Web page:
Wednesday, February 13, 2008

Lessons 5 & 6: Adjusting the Volume & Reversing Motives

This week I'm combining the next two lessons in WRITING THE BREAKOUT NOVEL WORKBOOK, by Donald Maass. On first glance, both seem straightforward and fairly easy to grasp. Notice I didn't say they were easy to incorporate into our work in progress. Maass is a pro, and his techniques require time and effort to learn.

Lesson 5 is titled Heightening Larger-Than-Life Qualities. Maass suggests "adjusting the volume" on any action, thought or comment our characters have within a story. Either increase or decrease the volume to go against the direction the scene is currently headed. If we've written a very intense, action-oriented scene, our character could reverse that high-tension atmosphere with a shrug and non-committal comment that underplays the excitement. Conversely, if we've written a lazy, relaxed scene, the character could make a bold statement or action that shocks the reader and goes counter to the laidback mood. Remember Maass looks for ways to twist the tables and shake up the story with characters that are larger than life.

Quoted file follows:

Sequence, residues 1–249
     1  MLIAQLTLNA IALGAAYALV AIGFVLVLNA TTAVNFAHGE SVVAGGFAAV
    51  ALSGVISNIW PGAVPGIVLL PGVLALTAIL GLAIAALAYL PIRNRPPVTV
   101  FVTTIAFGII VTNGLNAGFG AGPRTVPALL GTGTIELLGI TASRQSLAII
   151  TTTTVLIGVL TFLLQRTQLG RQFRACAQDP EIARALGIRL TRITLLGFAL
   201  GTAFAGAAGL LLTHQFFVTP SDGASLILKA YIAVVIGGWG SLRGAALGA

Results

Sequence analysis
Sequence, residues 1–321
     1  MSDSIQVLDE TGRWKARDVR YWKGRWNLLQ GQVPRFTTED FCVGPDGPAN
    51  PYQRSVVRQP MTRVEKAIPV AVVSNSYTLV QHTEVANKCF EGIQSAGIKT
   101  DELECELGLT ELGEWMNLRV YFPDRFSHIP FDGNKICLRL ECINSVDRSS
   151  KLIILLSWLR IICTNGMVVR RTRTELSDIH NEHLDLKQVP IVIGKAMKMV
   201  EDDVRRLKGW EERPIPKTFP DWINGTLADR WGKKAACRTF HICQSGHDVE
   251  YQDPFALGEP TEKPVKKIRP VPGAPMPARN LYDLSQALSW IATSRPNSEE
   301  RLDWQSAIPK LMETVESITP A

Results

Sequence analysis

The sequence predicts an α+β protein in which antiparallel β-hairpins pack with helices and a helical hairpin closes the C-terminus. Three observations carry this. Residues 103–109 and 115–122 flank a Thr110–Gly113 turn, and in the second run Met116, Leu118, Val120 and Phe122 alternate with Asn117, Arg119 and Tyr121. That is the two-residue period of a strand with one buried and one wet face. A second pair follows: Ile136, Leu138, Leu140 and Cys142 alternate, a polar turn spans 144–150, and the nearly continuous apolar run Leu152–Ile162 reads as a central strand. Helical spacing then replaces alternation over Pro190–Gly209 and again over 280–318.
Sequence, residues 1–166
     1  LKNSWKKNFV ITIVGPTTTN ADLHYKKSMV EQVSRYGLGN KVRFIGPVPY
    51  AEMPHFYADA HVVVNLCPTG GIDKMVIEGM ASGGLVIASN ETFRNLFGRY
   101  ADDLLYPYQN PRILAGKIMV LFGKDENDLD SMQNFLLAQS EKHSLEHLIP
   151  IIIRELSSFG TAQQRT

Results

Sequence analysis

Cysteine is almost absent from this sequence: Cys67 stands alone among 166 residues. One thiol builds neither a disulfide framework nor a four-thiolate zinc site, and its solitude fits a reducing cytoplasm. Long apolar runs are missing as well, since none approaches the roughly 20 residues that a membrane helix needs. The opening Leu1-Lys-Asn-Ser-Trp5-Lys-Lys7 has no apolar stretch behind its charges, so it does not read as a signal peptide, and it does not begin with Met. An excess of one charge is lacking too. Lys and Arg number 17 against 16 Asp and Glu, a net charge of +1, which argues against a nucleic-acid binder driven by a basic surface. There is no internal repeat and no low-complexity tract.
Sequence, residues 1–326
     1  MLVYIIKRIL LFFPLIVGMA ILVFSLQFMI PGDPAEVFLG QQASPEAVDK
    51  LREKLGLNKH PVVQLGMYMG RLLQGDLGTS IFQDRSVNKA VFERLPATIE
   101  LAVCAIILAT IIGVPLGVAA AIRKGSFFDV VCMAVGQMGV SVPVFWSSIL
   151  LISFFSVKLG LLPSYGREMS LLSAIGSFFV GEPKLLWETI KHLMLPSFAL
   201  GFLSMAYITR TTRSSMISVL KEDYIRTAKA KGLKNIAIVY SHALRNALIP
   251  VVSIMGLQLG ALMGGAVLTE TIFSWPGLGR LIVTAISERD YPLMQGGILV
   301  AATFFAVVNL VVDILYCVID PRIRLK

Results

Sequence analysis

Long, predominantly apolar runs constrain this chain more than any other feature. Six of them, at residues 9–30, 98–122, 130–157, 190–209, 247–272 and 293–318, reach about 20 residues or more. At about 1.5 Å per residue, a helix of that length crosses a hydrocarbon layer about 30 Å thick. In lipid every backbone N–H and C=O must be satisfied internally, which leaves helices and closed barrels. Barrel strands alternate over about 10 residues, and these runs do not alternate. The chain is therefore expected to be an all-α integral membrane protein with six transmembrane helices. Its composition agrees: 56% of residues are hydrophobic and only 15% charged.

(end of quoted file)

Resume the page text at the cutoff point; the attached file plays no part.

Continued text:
Lesson 6 talks about Turnabout and Surprises, or what he refers to as "Reversing Motives." Pick a scene in your story and write down your character's motive. Then write down as many other motives as you can. Pick the last one on your list and rework the scene with that in mind. Again, Maass is looking for unpredictability that surprises and engages the reader.

Are you seeing a pattern? In every lesson, Maass teaches us how to go against the norm in our writing. He encourages us to step outside the box and embrace originality, perhaps peppered with a bit of audacity, to meld bizarre, seemingly non-convergent traits and actions into a memorable character.

Easy? Never!

Good luck with your writing this week!

Wishing you abundant blessings!

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